Music professor brings plethora of applied experience
Matthew Cataldi, assistant professor of music, brings a plethora of applied experience with him to Radford University.
Before making his way to the New River Valley, Cataldi was a conductor, musical director, vocal coach, arranger, and collaborative pianist in New York City. There he conducted premieres, played in concerts, recording sessions and rehearsals.
Cataldi also held positions at New York University’s Tisch School of Arts, Steinhardt Department of Music and Performing Arts Professions, and served as assistant program coordinator and associate instructor for the Secondary Piano Program at Indiana University.
“The faculty and community at Radford are overwhelmingly supportive. Everyone seems to care about the art and is excited to invest in that,” Cataldi said. “The people are so warm and welcoming. This feels like home.”
I survived in New York City because I wore so many hats and held so many positions. I dipped my toes into many pools of water. That’s what it takes for the next generation of musicians [to succeed].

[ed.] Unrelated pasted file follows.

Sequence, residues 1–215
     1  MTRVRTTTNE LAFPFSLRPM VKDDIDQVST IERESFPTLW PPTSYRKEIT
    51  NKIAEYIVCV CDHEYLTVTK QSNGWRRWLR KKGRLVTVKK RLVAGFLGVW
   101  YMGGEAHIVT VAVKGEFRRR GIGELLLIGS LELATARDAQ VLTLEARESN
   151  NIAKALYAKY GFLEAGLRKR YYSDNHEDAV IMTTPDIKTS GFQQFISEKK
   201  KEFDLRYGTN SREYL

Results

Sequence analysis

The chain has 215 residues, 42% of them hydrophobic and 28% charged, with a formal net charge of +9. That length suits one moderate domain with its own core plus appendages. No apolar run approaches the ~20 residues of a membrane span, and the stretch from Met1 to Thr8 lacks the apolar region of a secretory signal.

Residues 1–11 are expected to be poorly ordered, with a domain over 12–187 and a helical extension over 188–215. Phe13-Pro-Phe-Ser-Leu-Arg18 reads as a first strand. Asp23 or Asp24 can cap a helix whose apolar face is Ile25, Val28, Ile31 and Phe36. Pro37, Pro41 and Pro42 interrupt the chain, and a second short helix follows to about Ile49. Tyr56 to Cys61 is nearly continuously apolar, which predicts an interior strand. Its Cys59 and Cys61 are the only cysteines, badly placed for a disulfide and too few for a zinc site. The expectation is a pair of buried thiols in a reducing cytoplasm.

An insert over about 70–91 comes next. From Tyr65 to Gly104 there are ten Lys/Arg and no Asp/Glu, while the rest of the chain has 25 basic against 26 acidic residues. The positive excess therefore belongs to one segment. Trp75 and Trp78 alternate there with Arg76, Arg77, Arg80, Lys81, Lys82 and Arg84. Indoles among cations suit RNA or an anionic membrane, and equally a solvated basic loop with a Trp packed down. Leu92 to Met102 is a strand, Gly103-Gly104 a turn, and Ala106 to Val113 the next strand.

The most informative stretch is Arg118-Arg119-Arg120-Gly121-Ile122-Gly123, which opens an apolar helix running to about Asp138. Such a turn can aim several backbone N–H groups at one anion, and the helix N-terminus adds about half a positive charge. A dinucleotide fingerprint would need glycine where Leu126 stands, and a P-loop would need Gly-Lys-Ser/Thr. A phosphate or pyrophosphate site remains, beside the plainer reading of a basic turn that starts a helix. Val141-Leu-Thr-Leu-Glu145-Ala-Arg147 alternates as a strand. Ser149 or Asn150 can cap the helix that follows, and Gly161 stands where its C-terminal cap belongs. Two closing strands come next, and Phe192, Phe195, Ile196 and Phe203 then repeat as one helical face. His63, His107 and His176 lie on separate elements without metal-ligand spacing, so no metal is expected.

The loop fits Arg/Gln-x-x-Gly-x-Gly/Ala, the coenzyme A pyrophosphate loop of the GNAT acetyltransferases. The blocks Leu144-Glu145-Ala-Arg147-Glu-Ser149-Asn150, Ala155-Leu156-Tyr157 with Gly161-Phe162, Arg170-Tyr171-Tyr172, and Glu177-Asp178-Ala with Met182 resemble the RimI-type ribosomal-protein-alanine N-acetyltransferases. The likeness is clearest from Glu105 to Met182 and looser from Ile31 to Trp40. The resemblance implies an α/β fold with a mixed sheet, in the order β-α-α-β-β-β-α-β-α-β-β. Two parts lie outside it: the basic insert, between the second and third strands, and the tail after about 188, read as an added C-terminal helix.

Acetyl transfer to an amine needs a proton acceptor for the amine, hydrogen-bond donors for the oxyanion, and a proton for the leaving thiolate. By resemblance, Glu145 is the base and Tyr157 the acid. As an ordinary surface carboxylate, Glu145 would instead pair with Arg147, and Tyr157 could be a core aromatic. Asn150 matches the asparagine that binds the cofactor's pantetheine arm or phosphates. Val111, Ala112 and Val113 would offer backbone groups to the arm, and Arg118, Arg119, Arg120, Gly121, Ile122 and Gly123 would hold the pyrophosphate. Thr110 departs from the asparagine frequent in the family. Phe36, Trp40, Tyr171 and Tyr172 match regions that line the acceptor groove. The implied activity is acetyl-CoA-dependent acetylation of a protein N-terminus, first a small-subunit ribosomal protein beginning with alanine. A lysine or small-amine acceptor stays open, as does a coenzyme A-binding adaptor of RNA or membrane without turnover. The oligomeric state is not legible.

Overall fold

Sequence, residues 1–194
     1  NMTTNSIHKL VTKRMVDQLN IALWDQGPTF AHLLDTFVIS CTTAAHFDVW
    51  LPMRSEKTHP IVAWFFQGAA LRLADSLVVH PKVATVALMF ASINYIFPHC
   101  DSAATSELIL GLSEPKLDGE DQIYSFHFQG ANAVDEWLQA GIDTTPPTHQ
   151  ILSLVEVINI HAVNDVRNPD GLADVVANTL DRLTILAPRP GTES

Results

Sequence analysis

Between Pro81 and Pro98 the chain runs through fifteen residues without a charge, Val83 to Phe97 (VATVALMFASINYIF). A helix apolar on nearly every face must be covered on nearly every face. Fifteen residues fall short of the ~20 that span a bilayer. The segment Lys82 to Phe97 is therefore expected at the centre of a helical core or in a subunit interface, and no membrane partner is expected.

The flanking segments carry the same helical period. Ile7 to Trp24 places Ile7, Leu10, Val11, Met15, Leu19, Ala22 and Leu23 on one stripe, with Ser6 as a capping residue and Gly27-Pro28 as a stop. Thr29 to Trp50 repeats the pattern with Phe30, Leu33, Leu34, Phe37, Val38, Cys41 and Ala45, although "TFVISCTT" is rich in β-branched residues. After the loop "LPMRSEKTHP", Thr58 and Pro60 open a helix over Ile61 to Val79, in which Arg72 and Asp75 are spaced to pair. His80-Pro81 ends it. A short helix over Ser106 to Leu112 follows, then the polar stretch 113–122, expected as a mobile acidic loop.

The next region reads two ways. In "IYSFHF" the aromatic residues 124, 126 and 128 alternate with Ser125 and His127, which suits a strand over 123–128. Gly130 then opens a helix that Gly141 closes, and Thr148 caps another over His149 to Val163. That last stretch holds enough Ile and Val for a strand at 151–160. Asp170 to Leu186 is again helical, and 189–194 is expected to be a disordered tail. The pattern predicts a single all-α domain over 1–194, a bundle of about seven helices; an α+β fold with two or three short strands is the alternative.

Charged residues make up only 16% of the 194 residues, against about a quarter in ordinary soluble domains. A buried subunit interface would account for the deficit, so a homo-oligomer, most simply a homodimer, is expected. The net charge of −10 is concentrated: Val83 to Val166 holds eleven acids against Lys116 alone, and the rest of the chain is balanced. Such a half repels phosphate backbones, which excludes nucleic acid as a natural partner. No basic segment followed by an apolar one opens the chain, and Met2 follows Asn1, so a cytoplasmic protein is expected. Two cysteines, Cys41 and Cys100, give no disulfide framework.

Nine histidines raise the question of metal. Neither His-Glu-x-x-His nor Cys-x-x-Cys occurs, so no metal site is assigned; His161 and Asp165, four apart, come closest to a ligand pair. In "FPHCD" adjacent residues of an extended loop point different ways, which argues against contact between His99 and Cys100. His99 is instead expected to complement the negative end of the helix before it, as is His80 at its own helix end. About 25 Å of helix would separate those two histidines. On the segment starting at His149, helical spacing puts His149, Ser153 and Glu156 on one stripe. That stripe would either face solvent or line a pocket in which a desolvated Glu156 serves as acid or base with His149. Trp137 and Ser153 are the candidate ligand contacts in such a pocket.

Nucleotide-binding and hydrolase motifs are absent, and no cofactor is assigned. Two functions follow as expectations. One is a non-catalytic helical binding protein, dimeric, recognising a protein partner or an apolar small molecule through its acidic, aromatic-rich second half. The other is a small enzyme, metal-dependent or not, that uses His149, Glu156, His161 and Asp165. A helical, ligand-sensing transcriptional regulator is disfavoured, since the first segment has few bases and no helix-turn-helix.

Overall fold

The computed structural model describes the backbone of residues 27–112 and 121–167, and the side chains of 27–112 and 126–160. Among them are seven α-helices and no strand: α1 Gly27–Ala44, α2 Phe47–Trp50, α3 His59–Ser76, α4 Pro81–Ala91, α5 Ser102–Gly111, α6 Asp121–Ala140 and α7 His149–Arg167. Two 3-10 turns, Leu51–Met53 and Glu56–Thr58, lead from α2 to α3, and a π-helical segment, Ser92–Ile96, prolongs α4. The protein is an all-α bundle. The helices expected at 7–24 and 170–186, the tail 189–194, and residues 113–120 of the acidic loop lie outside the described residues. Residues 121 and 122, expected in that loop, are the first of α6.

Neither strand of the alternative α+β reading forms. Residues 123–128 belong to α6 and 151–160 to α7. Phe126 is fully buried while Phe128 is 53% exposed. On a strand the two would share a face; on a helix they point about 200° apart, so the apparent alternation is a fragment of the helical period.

After having left New York City with no plans or a place to stay, Cataldi wants to pass some of his experiences and lessons on to his students.
“Looking back, what I’m thankful for was developing the street smart knowledge that you don’t get from school or in a book, which I hope to pass that along to my students,” he said. “Throwing myself into the real world and learning on my own is just as valuable as lessons and studies.”
Cataldi also wants to build upon the piano program’s foundation.
“I want to give my students as many opportunities as I can give them,” Cataldi said. “I would like to build a reputation of really qualified undergraduates into graduate school.”
Along with reinforcing the program, Cataldi also wants to broaden students’ horizons of learning and what it takes to make into the musician world. “I think the older route of musician lessons needs to be translated into 2018, making our students valuable and marketable,” he stated. “Whether that means integrating technology or what the Internet has provided for us to open doors.”
Cataldi would like to teach his students that the music field isn’t about practicing for hours straight anymore.
“I survived in New York City because I wore so many hats and held so many positions," he said. "I dipped my toes into many pools of water. That’s what it takes for the next generation of musicians [to succeed].”